Blade Runner Market Liberalism and Social Green Philosophy

Blade Runner makes a social green argument that all living things have inherent value, and that increased development, technology, and economic threaten the environment. Director Ridley Scott warns that a market liberal’s globalization and environmental degradation risk turning cities into industrial hellholes. Blade Runner fears that future cities will be blighted with advertisements, gross overconsumption, and rampant inequality. As humanity degrades the environment, he also degrades his own identity, because globalization isolates people from each other and the environment. Ridley Scott argues that environmental degradation disproportionally impacts minority communities by populating Los Angeles’s trashed lower slum levels with handicapped individuals, ethnic minorities, and very poor citizens, while highlighting the Tyrell’s splendorous high-rise apartment and off world colonies. Blade Runner’s US theatrical cut, but not other final versions, end with an optimistic message of Deckard and Rachael leaving the blighted city for a pastoral green.

Blade Runner argues that market liberal inspired globalization and environmental degradation adversely impact all life. Blade Runner opens in a hazy industrialized city where city lights and oil production’s fire plumes provide the only lighting[i]. Advertisements for Coca Cola, off world colonies, and Chinese products coat every building[ii]. The ironic contrast between the hopeful and bright advertisements and the hazy and grim city lambast Capitalism for its profit centric outlook in the face of poverty. This social green outlook blames capitalism for exacerbating poverty (Clapp, 2005). In Blade Runner capitalism’s pollution and advertisements literally block out the sun creating an dark uneasy feeling emphasizing Deckard and Batty’s isolation. Blade Runner argues that market liberalism’s globalization dehumanizes people by treating them as consumers rather than individuals. Market liberalism compels corporations to replace people with machines, who ironically have more humanity than the humans.

Blade Runner’s world lacks biodiversity, because pollution has caused most animals’ extinction. Instead, humans replace animals with synthetic versions, just as corporations are replacing humans with Replicants. Only the superrich can afford to have real animals. Ridley Scott argues that by losing animals we’ve lost part of our humanity and empathy. The Voight-Kampff, an empathetic response test designed to identify a replicant, asks primarily whether an individual ought to help a wounded animal. To Ridley Scott, being human means treating animals empathetically. Most of the Replicants have connections to animals. Zhora dances with a snake and appears to have bloody bird wings when she dies, Rachel has memories of spiders and owls that make her human, and Batty associates with Pigeons and Doves. Globalization has removed humanity’s empathy towards animals, but Replicants, who have more humanity, still appreciate animals.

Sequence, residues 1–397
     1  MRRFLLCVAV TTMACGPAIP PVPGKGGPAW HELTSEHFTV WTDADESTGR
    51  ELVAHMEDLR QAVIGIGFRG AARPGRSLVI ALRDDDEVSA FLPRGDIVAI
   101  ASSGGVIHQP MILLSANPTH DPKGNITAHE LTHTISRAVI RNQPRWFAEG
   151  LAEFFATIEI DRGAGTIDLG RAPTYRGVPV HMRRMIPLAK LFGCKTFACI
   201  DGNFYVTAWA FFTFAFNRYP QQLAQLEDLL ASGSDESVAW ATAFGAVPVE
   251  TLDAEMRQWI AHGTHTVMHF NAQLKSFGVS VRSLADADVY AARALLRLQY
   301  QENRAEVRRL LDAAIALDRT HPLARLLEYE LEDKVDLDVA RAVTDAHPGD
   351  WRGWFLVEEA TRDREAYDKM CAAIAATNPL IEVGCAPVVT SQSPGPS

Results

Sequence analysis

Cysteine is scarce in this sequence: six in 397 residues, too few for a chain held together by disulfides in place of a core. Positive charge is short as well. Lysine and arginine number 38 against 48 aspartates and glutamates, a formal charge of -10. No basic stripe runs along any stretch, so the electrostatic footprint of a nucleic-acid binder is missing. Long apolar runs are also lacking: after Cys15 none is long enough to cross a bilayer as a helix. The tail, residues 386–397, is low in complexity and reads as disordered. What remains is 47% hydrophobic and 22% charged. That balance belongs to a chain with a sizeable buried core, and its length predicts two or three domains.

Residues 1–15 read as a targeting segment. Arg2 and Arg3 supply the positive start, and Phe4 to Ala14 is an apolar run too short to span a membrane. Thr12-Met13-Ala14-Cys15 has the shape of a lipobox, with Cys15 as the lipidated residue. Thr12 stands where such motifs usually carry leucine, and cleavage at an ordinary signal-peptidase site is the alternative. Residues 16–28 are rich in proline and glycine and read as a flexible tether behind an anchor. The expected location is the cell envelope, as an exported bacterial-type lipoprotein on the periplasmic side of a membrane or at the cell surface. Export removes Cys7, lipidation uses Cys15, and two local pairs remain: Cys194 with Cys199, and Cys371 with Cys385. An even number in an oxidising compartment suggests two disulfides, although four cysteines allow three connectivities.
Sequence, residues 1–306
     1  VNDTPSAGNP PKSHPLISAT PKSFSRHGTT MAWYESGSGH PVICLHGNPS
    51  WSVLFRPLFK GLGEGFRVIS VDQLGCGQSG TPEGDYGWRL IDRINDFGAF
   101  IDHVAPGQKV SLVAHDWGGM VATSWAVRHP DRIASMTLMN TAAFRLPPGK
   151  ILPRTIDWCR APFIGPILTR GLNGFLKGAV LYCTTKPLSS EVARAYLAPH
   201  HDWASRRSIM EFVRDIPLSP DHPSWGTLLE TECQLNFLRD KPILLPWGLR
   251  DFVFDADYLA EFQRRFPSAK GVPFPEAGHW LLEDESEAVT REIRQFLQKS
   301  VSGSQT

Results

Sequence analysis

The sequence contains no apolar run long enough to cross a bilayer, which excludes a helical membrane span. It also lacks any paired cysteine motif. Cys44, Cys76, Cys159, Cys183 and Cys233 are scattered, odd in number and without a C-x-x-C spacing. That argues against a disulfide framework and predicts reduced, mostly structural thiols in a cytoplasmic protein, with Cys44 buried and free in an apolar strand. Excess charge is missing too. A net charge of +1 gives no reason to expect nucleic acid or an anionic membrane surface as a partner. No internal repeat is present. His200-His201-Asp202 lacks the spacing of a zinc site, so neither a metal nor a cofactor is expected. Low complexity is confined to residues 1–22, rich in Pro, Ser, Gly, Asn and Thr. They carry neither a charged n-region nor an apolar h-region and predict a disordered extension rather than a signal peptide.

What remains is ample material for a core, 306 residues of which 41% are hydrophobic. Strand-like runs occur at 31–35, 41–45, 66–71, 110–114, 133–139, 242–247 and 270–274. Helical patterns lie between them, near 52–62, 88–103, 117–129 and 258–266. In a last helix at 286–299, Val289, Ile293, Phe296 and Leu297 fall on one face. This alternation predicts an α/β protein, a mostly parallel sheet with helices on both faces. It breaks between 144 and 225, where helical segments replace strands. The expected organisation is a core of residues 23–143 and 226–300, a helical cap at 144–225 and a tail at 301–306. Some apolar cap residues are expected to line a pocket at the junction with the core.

Market liberal policies condemn Blade Runner’s poor minorities to live in the pollution that richer individuals create. Rich industrialists live in idyllic off-world colonies or in massive high-rises thousands of floors above everyone else[iii][iv]. This parallels contemporary fears about white flight and suburbanization leaving cities as destitute and crime ridden. In Blade Runner’s slums, Chinese people make up most of the lower class and do most of the menial labor. JF Sebastian, a disabled inventor, failed the medical test required to live off world due to an aging disease. As a result, he’s forced to live in a derelict empty tenement alone except for his toys. Trash is ubiquitous in the city’s slums, and nobody except the superrich have the ability to escape it[v]. Ads promise the chance of a new life in a “golden land of opportunity and adventure” free from Earth’s blight and pollution on Earth’s colonies. Tyrell, a rich inventor who owns the police, lives in a massive sky rise insulated from the city’s anarchy below by a series of elevators. The police fly above the people they’re supposed to serve.

The US Theatrical version of Blade Runner ends with both Deckard and Batty transcending their conflicted ambiguous identities and embracing nature. After Batty saves Deckard’s life, he holds a real, not synthetic, white dove, which he releases when he dies[vi]. The dove flies into a hopeful sunrise not obscured by haze. Deckard and Rachel flee the urban wasteland for green mountains unscarred by industrialization and pollution. The movie opens with a cramped, dark, polluted industrialized city and closes with wide-open bright and free mountains[vii]. Blade Runner’s[viii] optimistic ending suggests that we can still escape globalizations dehumanizing isolation if we reconnect with nature.

Works Consulted


Blade Runner. Dir. Ridley Scott. Prod. Ridley Scott and Hampton Francher. By Hampton Francher and David Webb Peoples. Perf. Harrison Ford, Rutger Hauer, and Sean Young. Warner Bros., 1982. US Theatrical Version

Clapp, Jennifer, and Peter Dauvergne. Paths to a Green World: The Political Economy of the Global Environment. Cambridge, MA: MIT, 2005. Print.











[viii] This ending is specifically in the US theatrical version. Different endings of the film end differently.

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